No dreadlocked revelers smoked celebratory reefers in the streets, no armies of conservatives protested, the Mexican media raised no hullabaloo. Quietly and with little ado, Mexico last week enacted a law to decriminalize possession of small amounts of all major narcotics, including marijuana, cocaine, heroin, ecstasy and crystal meth. Anyone caught in Mexico with two or three joints or about four lines of cocaine can no longer be arrested, fined or imprisoned. However, police will give them the address of the nearest rehab clinic and advise them to get clean.Of course, it will not be so easy or painless here, mostly because of the American presumption that law=morality. Since we don't approve of people doing drugs*, those who choose to use chemicals not FDA- or ATF-approved need to be thrown in prison where the rest of us can remain safe from their pernicious influence while providing their room and board.
Most surprising was how easily and painlessly the reform slipped into Mexican law...
I suspect that may be coming to an end here for budgetary reasons, and perhaps surprisingly soon. In 2008, states made the easy budget cuts and used up their gimmicks. For 2009 they are making real cuts, though how meaningful they truly are is debatable**. Next year absolute revenues will be down again, across the board, as property tax drops catch up with the falling market and as people shift more of their purchases to downscale and secondary (i.e. garage sale) markets.
Real cuts are coming. That means that states are going to have to make real changes in programs, including that program of social control that locks the chemically non-conforming in metal cages. It will probably start with a gentleman's agreement between sheriffs and prosecutors to simply ignore small caches before some legislator has the guts to simply repeal the penalties***.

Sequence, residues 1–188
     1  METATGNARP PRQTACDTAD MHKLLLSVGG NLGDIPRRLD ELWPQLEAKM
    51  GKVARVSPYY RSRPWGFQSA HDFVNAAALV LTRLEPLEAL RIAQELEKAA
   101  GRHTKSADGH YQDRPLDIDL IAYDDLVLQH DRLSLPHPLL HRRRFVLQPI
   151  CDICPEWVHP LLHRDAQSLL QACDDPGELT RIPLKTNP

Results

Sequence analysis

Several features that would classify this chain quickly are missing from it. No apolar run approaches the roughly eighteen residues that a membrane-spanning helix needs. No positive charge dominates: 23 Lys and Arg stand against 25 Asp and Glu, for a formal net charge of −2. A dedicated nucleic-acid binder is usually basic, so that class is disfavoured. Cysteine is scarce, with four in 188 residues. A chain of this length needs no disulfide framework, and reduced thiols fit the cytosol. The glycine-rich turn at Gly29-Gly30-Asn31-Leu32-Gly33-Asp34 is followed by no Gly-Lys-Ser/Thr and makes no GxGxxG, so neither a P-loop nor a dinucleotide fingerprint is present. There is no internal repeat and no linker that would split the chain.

If the feds insist on drugs being illegal, a smart and fiscally-responsible state will leave enforcement to them as much as they can get away with.
UPDATE: here we go:
Denver's marijuana policy review panel agreed Wednesday to send a letter to the presiding judge of Denver County Court urging a $1 fine as penalty for possession of marijuana of less than an ounce...* other than those with TV commercials that urge you to "ask your doctor about..."
Tvert said lowering the fine would send a message to police "that it is not worth their time or the court's to issue any more citations."
** Despite the howls, a 3 or 5% cut to most programs will have absolutely no impact on end results.
*** Drugs may have to remain illegal under state law so states can "get federal money," which is a way of taxing their citizens while claiming it as a benefit to them. But the Feds do not require a certain position on the sentencing grid as far as I know.